I had an opportunity to participate in a woodblock workshop with Matt Brown in April, 2010. I figured that the best thing that I could do for this 3 day intensive - design to finished print - would be to have a simple design. Print #2 would NOT be as complicated as print #1 - no way! No thin lines for me, in fact, no black outlines at all - just patches of solid color. Hmmm...obviously a piece of cake! So, I arrived with my design and xerox copies in hand, Matt went over his planned topics for the three days, passed out the registration boards (the kento are carved into the registration board, not the blocks), 4 x 6 Shina Blocks, pre-cut paper, inks, and tools to use. Matt showed us how to glue down the xerox copies of our designs on each block (the copies of the original drawing are used in place of the traditional Hanshita)...a tad tricky because the xerox copies were slightly different in size from the original drawing and had to be pasted on the block 'exactly' the same for each block. I wasn't very successful and had to plane the edges of some of my blocks so that the registration would be somewhere near where it was supposed to be. Also, in this class, we used small gouges in place of the To to carve the outlines on the block...not as much control as the traditional carving knife, but easier for a beginner, I think. In any case, three days of very intense work, and the result is on the left:
The results certainly leave a lot to be desired ...I wasn't happy with the color, registration, printing...not pleased with myself or the print. I came back after the class, re-carved one of the blocks (which STILL came out 'wrong') and reprinted "Lovebirds" using some 90# watercolor paper with commercial watercolor - that's the one on the right. It follows my original ideas a bit better, and I learned another encyclopedia's worth of things about the whole process of printmaking. I hadn't got much into Dave's wonderful "Your First Print" yet (what a dummy I was - having the material and not paying enough attention ). Nevertheless, I keep working on getting better (even though the results aren't there yet) and keep re-reading those e-books that Dave has in his publishing site Mokuhankan - Platt and Yoshida are my constant companions and dog-eared at this point.
|Author:||David Bull [ Mon Nov 01, 2010 12:25 pm ]|
|Post subject:||Re: If Dave can share...|
Dale Evans wrote:
... having those thin lines (thin lines used very loosely!) just pop right off caused me no amount of consternation...I couldn't see how anybody could go forward with carving woodblocks and make those incredibly "less than .1mm thin lines" (like Dave's print of Autumn in his "Beauties of Four Seasons" series (and one of my personal favorites)) and still maintain the tiniest bit of sanity.
It's all about the 'stress relief'. And I don't mean the carver, I mean the wood!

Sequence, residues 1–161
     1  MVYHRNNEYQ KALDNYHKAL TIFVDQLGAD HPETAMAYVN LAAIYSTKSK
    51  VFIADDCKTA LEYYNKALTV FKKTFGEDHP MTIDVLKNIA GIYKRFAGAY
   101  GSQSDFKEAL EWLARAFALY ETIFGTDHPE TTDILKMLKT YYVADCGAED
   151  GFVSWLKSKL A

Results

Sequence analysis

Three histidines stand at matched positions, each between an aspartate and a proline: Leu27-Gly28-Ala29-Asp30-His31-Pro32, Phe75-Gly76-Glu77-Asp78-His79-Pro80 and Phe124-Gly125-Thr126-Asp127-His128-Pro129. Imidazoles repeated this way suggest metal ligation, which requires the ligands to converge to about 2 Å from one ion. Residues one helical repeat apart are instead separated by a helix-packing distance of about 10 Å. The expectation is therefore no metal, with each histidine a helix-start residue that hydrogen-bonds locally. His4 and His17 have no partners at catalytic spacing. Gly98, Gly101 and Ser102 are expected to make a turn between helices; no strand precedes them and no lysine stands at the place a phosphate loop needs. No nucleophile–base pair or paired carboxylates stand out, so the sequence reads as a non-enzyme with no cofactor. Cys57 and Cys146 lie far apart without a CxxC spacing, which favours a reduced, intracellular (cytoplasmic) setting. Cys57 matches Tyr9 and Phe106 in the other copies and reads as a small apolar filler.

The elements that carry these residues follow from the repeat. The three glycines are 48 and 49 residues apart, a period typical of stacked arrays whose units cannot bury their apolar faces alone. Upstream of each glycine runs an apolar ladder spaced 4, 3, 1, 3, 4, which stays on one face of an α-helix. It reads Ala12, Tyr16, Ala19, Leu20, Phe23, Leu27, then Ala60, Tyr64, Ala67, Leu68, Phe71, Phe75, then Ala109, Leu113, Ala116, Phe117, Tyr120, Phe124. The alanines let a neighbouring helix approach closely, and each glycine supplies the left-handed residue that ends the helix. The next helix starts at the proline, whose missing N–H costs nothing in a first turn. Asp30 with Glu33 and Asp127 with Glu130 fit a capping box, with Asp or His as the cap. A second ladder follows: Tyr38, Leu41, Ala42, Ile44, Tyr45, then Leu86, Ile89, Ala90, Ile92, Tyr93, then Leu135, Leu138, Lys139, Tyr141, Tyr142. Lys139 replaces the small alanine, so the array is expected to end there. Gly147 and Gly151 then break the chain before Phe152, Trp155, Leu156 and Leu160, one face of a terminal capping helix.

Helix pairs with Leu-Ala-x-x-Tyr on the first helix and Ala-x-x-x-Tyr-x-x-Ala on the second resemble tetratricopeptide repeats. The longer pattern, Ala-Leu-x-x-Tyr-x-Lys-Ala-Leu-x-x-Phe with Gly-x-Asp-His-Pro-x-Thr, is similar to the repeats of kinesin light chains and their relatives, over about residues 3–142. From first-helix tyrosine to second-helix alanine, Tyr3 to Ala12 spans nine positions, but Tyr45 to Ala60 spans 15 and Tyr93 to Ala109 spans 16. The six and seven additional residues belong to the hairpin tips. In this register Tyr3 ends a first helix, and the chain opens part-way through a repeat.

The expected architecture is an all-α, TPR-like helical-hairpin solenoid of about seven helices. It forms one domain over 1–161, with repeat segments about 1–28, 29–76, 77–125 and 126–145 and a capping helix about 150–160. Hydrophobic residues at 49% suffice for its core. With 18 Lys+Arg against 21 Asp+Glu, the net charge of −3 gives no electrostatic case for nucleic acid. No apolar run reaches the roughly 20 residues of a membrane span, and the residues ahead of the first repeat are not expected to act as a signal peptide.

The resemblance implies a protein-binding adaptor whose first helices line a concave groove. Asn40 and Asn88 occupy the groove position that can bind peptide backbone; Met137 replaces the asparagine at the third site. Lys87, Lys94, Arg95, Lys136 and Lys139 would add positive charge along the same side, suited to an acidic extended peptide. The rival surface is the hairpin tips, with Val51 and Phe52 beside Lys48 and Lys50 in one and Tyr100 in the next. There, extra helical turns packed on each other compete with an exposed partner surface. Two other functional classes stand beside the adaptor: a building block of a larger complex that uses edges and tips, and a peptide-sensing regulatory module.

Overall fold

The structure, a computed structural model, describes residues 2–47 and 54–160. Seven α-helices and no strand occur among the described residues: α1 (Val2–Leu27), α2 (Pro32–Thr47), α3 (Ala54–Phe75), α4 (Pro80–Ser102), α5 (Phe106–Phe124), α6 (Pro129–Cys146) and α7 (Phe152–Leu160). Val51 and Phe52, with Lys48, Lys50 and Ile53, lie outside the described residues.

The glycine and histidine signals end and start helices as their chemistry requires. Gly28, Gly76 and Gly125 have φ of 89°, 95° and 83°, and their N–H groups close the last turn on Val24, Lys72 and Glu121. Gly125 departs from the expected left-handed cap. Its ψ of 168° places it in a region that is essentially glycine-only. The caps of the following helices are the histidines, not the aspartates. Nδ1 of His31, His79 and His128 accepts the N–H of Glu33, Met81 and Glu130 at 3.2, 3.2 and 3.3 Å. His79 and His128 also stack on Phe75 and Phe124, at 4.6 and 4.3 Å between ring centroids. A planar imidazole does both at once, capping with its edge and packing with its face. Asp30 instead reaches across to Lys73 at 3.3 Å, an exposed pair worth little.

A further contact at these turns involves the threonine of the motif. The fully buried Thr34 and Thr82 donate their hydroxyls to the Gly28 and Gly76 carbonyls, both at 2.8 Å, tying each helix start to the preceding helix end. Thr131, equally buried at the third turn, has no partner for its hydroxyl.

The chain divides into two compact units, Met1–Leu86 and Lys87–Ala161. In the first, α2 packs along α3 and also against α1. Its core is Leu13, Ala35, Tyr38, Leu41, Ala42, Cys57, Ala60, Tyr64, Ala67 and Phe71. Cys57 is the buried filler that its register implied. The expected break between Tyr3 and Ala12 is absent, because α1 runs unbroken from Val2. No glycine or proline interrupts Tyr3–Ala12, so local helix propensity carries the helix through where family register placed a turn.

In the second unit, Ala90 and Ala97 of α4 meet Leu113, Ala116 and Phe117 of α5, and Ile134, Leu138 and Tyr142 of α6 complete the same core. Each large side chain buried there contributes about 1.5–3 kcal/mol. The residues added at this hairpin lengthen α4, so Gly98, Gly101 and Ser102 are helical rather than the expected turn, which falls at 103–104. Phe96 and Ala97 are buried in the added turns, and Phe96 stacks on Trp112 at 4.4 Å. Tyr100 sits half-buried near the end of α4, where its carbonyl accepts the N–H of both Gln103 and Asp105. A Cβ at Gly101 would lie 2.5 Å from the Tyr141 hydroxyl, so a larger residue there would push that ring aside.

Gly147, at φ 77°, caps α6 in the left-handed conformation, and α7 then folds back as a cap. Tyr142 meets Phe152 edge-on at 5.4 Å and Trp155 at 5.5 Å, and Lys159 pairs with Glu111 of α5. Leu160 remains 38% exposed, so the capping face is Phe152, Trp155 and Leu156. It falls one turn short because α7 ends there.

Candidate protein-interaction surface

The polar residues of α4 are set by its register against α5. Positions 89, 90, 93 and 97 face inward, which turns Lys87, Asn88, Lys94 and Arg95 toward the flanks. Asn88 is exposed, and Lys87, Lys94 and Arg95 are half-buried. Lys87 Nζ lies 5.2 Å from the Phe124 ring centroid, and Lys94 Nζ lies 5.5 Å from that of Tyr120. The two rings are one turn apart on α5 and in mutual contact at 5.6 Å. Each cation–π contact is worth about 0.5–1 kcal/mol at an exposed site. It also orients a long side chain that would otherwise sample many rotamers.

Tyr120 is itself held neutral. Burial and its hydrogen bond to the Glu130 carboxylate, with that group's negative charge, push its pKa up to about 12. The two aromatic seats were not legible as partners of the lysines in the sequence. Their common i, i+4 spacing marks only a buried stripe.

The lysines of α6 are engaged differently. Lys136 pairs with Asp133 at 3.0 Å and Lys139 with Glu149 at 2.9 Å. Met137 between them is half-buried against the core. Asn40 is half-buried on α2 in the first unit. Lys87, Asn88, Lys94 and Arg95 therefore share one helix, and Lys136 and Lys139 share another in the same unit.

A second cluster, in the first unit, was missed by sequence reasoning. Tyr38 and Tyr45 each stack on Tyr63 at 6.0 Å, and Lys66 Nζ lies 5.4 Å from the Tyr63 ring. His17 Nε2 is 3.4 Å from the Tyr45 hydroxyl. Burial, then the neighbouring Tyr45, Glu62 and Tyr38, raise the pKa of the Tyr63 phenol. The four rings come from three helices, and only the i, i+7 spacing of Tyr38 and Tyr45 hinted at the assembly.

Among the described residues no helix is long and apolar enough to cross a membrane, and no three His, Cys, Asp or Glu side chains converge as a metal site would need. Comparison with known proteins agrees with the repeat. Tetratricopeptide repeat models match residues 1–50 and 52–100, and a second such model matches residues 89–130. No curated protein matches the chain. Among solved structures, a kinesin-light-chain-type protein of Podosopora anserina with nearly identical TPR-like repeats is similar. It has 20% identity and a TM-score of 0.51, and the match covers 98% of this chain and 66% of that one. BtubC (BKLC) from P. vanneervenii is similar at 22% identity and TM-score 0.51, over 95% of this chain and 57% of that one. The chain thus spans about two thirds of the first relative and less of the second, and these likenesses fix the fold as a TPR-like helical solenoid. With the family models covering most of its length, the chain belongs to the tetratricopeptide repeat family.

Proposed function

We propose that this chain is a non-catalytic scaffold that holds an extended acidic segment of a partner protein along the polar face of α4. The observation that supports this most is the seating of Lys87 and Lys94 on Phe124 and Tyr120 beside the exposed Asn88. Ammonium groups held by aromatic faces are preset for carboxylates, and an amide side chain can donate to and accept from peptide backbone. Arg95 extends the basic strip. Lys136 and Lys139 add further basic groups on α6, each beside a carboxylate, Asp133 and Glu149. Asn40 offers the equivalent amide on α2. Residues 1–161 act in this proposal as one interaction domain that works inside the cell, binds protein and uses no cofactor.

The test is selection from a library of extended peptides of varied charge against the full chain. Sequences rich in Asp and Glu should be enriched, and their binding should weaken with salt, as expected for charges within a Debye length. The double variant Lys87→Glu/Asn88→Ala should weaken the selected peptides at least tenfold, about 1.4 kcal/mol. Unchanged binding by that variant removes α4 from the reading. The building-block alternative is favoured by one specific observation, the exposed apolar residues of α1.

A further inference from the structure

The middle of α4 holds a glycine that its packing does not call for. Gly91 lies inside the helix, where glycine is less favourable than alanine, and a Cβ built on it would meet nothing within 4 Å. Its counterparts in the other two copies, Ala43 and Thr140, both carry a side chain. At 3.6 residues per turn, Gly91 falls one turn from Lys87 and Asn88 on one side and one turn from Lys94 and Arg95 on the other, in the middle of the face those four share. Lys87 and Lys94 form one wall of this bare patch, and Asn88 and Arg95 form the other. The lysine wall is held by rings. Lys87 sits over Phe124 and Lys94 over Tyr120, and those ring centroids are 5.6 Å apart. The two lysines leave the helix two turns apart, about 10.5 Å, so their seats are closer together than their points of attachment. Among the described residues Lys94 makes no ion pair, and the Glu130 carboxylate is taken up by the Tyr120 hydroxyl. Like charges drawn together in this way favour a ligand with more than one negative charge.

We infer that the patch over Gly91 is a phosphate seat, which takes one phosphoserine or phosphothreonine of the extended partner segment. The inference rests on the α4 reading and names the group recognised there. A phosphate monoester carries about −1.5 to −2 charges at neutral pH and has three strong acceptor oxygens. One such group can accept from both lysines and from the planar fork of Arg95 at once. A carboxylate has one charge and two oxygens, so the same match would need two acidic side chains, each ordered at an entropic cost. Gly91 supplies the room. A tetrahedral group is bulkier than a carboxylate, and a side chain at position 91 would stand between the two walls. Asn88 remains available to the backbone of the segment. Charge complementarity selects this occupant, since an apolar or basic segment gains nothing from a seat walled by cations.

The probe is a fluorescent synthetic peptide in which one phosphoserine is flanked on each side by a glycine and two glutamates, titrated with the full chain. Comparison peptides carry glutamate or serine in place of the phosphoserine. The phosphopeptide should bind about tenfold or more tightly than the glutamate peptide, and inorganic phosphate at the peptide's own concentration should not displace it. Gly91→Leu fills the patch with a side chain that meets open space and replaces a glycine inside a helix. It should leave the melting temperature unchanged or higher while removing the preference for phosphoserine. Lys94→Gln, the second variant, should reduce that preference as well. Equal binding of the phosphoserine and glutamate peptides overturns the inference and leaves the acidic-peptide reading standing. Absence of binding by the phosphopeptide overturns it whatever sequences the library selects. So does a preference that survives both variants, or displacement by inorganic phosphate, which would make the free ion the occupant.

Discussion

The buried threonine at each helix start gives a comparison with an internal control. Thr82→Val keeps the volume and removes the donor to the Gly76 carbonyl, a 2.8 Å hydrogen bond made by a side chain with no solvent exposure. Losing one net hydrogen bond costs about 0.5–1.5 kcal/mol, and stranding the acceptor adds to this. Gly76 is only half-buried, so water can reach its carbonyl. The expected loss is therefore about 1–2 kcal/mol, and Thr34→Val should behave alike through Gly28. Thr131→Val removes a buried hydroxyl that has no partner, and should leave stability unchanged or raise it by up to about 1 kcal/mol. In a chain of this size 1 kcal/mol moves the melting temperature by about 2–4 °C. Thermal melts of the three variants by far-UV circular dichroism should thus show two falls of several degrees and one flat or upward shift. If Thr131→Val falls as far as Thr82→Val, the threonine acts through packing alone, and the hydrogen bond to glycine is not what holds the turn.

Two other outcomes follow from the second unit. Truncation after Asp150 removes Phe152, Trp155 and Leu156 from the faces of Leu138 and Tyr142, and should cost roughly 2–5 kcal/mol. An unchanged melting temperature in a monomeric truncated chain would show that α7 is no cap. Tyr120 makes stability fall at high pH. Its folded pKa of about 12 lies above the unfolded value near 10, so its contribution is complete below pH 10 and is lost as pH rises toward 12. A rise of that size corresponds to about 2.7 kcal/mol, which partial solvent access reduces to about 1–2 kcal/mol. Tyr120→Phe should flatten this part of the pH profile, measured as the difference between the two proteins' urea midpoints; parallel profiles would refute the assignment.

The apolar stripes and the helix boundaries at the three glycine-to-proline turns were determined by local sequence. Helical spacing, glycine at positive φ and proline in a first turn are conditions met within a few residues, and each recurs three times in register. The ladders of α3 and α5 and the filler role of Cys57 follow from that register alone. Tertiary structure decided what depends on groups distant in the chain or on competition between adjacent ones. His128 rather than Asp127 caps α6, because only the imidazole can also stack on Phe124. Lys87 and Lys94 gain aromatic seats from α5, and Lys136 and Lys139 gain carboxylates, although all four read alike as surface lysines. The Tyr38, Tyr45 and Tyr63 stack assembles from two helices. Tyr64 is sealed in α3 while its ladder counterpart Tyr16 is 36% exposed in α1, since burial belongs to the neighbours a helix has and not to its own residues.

Think of your knife going down into the wood; no matter how thin the blade might be, it still has thickness, and the wood has to be squeezed aside to make room for it to enter. Now although the stress is pushed more to the wood against the bevel side, there is still some on the other side too. When you are cutting the second side of a thin line, that stress can sometimes cause damage - the 'popping off' you mention.
So with extremely thin lines, like the ones in the Autumn print you mention, you have to remove the stress entirely. The way to do that is by cutting a relief cut before you cut the real cut. Think ahead for a minute to how you might commonly remove wood against a line - you cut the line, then you cut the second side of a 'V', to remove wood. When you are trying to do stress relief, cut the outside part of that V first. Then, when you are cutting the actual line itself, the wood in the V will move away, minimizing stress on the retained wood.
I do this with all delicate work ...
Oh, and I didn't mention in my last post about those glued on bits that had popped off the block while carving...seems white glue isn't the right medium to use as the glue simply softens up from water, pigment, and paste and those little lines end up popping off AGAIN in the middle of printing
Well, gluing isn't really the method of choice for doing repairs. Plugging the block is the way to go ... and it's actually not all that difficult, once you give it a go.
As for the Lovebirds image you posted, if I were teaching any kind of class here, it would be a kind of iron-clad rule for the beginners that their first few prints would be of this type - with no keyblock. It's so much more important to learn something about applying colour to the block than it is to mess around with lines, and chipping, and registration problems, etc. etc. And it's usually more attractive in the end anyway ...